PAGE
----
Beginning around 2018, I turned some of my investment focus and allocation to private markets. My first deals in this area were via EquityZen, a platform whose focus is mainly late-stage growth companies. Offerings on EquityZen are secondary sales, where an early employee or existing investor is choosing to sell a large block of their own stock. Secondaries are a contrast to traditional primary offerings tools to grow small business, where a company itself is issuing stock, and the cash from the sale is going directly into the company to fund operations, learning how to cut down business costs. Secondaries are a very common practice both for founders/early employees to “take money off the table” if they know they may still have years ahead of them until IPO (or acquisition), and also for funds that need the liquidity (either for redemptions, distributions, or just to allocate to new opportunities), learn about the pay stub abbreviations.
EquityZen deals are structured using “Special Purpose Vehicles” (SPVs). For a given EquityZen offering, EquityZen will place the shares that they have been allocated from the subject company into a one-off LLC (the SPV), and then sell interest in that entity to investors (along with an obligation on EquityZen’s side to turn a specific number of shares over to each investor at liquidity). This is done primarily to simplify things for the company that is the subject of the deal (since most secondary offerings require board approval, and it’s much simpler for the board to approve a single large sale to the SPV vs. 100 or more small sales to individual investors. This is also important to companies as it keeps the cap table from getting bloated).
I’ve been lucky enough to see one of my EquityZen placements through to liquidity (the subject company IPOd in 2021) and consider the platform fantastic for finding and getting into high-quality late-stage growth deals. That said, with its focus on secondary sales in late-stage growth companies, EquityZen left me with a huge universe of deals that I had an appetite for but had no clue how to get into: namely, earlier-stage Angel, seed and series A deals.
I’d been peripherally aware of AngelList Syndicates for years (since the time of their launch in 2013 in fact, as the concept was fairly revolutionary at the time). I hesitated to ever get involved in syndicates, however, because I had one huge misunderstanding about them (which I suspect many other people also have). Namely, I had always thought that joining an AngelList syndicate obligated you to participate in every deal that the syndicate lead participated in. This is not the case.
You join a syndicate in order to get dealflow that you might otherwise not have access to (certainly in my case, as I usually spend the better part of the year in locations far removed from the major US startup hubs). When a syndicate lead decides to syndicate a deal he is participating in, you, as a Limited Partner (LP), get an invite to review the deal. You have no obligation to commit (though in theory if you pass over more deals than seems reasonable the syndicate lead always has the right to kick you out of the syndicate).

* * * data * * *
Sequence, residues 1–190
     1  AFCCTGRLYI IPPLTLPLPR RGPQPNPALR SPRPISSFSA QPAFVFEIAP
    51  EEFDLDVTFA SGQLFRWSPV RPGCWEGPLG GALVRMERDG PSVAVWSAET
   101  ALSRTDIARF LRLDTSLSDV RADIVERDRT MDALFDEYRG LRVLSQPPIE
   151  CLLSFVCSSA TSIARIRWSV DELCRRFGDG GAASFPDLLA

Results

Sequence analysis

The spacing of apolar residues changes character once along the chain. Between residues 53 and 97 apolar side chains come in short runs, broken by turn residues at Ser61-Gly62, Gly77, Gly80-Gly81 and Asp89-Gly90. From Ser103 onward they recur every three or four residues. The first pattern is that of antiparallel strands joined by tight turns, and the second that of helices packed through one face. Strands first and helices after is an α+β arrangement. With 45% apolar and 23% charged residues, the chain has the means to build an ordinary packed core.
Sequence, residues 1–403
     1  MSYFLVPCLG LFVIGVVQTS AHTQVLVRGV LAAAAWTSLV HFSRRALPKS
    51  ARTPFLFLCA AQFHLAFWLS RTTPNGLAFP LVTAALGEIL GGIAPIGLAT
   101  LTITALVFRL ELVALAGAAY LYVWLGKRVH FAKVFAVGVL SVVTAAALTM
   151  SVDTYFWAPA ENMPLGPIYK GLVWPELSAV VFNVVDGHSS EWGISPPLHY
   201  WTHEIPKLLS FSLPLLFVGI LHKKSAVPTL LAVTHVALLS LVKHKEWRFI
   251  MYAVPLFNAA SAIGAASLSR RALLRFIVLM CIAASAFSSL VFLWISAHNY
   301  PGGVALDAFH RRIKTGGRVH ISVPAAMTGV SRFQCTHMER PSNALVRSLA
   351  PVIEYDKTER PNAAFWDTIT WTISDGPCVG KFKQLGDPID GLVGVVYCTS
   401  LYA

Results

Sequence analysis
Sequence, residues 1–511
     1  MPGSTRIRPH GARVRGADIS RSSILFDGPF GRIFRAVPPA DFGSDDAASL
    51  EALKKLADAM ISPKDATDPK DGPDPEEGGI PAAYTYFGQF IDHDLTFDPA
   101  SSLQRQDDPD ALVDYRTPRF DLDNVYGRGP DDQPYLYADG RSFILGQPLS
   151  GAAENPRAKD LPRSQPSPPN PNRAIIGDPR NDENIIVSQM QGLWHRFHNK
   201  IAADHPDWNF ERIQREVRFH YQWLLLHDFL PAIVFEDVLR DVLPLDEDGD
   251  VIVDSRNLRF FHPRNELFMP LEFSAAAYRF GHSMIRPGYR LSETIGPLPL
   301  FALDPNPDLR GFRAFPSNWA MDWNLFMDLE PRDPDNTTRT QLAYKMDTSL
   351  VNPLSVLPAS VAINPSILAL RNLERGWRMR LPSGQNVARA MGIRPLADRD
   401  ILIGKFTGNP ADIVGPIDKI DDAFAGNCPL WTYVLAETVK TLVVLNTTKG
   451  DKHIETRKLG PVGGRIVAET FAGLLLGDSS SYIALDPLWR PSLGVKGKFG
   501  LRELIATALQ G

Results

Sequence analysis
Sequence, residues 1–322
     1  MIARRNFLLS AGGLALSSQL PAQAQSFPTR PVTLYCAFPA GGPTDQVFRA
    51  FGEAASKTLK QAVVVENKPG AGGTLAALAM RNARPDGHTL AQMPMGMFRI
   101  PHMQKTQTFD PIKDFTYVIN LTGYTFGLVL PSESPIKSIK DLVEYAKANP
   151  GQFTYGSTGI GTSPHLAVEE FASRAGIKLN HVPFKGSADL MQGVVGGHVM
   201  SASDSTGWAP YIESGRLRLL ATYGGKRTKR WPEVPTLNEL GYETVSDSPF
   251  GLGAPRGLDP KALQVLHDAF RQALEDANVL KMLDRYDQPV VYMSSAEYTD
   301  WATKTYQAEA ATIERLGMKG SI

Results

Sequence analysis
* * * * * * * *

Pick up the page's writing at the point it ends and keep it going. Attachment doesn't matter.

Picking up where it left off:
AngelList syndicate deals are structured (similar as on EquityZen) using an SPV. There are some fees inherent just in the SPV (a fixed $8k to AngelList for their services in forming, managing and facilitating the funding of the entity). The lead also defines the carried interest (“carry”) that they take on your placement in the deal. A standard amount of carry is 20%. Syndicate leads are also allowed to reduce or entirely waive the carry on an individual level. A good example of this that I have seen firsthand is if a product serves a particular industry, and you yourself can bring some value by introductions, by being a advisor or by being a customer yourself, that increases the prospects for the company as a whole and in such cases the lead is often happy to waive their carry on the deal (since your participation in the deal is likely to make the company more valuable).
Though the carry may seem steep, if you are getting access to good deals that you would wholly miss out on otherwise I consider it just a “cost of doing business”. Also as noted before it is the standard price within the VC industry. If you are able to do deals directly (i.e. through relationships, and usually larger check sizes) that’s obviously the way to go, but the market has become so competitive that most of us don’t have the dealflow to get into everything we’d like to (certainly not on an angel’s scale, where your only avenue into the deal is often an existing relationship with a founder or at the very least a warm introduction).
AngelList syndicates are a great way to gain access to private markets deals that you may have trouble accessing through other means. Though I’ve mostly emphasized syndicates doing angel/seed/series A deals, there are also syndicates that specialize in later stage deals (even secondaries). Syndicates, in my opinion, are great for people that take a genuine and deep interest in the companies they back – what I’d call nascent angels (or even established angels who just want more dealflow). If you are looking for more passive financial exposure to startups, AngelList’s offerings also encompass Rolling Funds and the AngelList Access managed fund, which are comparatively hands-off and you may find more suitable.